40 Fascinating Secrets About the Halloween Franchise

It's been four decades since Michael Myers began terrorizing us all.

By Billy Nilles Oct 25, 2018 10:00 AMTags

It's a good time to be a Michael Myers fan.

Not only is the iconic horror movie villain back on the big screen, terrorizing poor Laurie Strode (played by the equally iconic Jamie Lee Curtis) and the good people of Haddonfield, Illinois yet again in Halloween, but he's breaking records, as well. Not only has the sequel earned the highest opening weekend of the entire indomitable franchise, but it marked the best-ever opening for a film starring a lead actress over 55 years old and for a horror movie with a female lead (so long as you don't could Jurassic World as a horror movie), as well as the second-best opening ever for the month of October.

Not too shabby for a franchise that's celebrating its 40th birthday on October 25.

In honor of the movie doing big things at the box office and the milestone anniversary of John Carpenter's scrappy little flick of the same name that kicked the whole thing off, we present 40 secrets and little-known facts about the Halloween franchise that'll help you make conversation at your next costume party.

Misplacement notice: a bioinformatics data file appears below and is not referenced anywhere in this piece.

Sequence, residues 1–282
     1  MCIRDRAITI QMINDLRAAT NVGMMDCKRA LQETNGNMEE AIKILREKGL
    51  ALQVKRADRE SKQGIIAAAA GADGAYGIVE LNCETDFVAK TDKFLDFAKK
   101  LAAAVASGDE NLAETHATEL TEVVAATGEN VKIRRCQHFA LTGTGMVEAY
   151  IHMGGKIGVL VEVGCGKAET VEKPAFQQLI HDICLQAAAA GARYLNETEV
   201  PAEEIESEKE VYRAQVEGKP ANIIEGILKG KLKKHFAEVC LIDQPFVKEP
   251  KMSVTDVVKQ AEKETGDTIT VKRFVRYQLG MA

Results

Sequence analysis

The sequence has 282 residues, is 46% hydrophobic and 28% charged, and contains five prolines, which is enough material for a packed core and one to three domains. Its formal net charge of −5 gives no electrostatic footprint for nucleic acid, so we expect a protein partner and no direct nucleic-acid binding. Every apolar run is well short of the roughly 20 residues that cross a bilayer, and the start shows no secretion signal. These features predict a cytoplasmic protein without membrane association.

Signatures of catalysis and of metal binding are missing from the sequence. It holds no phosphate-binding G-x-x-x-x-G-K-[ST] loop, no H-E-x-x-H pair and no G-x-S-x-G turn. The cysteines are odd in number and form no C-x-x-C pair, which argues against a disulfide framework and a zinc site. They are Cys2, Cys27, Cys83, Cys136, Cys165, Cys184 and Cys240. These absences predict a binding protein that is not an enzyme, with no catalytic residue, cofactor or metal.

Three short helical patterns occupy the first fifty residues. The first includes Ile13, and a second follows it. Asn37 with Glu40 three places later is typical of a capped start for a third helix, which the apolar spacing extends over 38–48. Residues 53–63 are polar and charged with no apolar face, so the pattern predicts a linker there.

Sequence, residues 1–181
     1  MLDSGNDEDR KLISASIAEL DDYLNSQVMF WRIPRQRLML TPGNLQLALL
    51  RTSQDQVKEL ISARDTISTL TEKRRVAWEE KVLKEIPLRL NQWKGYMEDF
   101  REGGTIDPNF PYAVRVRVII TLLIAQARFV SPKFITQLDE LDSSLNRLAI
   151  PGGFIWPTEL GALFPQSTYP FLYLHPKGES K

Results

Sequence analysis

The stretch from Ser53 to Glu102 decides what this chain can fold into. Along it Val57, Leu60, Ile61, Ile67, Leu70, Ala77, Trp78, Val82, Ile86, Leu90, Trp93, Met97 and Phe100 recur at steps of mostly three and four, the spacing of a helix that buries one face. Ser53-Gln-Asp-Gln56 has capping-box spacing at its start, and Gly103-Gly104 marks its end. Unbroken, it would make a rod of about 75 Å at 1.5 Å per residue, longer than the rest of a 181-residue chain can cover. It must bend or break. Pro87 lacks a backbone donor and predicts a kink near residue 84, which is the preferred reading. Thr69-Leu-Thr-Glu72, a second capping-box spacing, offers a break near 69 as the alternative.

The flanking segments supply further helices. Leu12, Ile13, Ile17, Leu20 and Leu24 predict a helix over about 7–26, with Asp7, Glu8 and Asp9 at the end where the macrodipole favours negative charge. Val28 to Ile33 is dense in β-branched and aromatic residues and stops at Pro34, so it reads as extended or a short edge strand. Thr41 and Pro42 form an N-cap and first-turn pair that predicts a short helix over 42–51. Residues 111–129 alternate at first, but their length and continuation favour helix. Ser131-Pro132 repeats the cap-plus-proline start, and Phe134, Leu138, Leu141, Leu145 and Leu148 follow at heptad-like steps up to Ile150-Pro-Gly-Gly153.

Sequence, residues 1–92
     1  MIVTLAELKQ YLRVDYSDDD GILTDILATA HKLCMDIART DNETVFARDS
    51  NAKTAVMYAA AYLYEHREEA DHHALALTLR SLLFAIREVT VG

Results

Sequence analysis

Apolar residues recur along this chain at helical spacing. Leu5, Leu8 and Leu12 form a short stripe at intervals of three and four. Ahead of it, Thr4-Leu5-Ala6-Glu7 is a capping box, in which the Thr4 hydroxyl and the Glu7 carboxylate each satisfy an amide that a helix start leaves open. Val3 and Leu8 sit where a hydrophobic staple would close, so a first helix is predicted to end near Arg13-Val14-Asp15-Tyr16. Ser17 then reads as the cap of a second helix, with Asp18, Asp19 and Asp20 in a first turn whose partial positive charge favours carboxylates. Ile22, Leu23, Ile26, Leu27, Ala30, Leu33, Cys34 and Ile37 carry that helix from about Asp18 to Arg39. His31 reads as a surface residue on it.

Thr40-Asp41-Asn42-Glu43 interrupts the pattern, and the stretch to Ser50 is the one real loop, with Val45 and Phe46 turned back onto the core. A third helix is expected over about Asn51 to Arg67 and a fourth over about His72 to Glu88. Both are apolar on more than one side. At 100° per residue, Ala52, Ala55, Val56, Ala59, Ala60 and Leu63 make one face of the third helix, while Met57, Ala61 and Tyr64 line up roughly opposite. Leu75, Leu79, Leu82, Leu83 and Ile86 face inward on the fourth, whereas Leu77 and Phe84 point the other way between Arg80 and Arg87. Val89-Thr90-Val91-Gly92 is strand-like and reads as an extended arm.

Stars Celebrate Halloween 2018
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1. The iconic franchise with the easy-to-remember title almost wasn't named after the holiday the action takes place on. Rather, it was originally called The Babysitter Murders until producer Irwin Yablans suggested to Carpenter and then-girlfriend Debra Hill, whom he wrote the screenplay with, that the film be set on Halloween night. The rest is history.

2. Carpenter was only paid $10,000 for his work on the film which included directing, writing, and creating the now-iconic score. In return, he was granted full creative control.

3. The production schedule was insanely tight, as producers wanted to get the film in theaters in time for the titular holiday. Carpenter and Hill only spent approximately 10 days on the script, with four weeks spent prepping the production (which included the aforementioned writing), four shooting, and four editing.

4. Despite her strong horror film lineage—mom Janet Leigh starred in Psycho, after all—Curtis was not Carpenter's first choice for his heroine. "I had no idea who she was. She was 19 and in a TV show at the time, but I didn't watch TV," he said in an interview, according to the 2011 book Going to Pieces: The Rise and Fall of the Slasher Film. His first choice? Anne Lockhart, daughter of Lassie actress June Lockhart.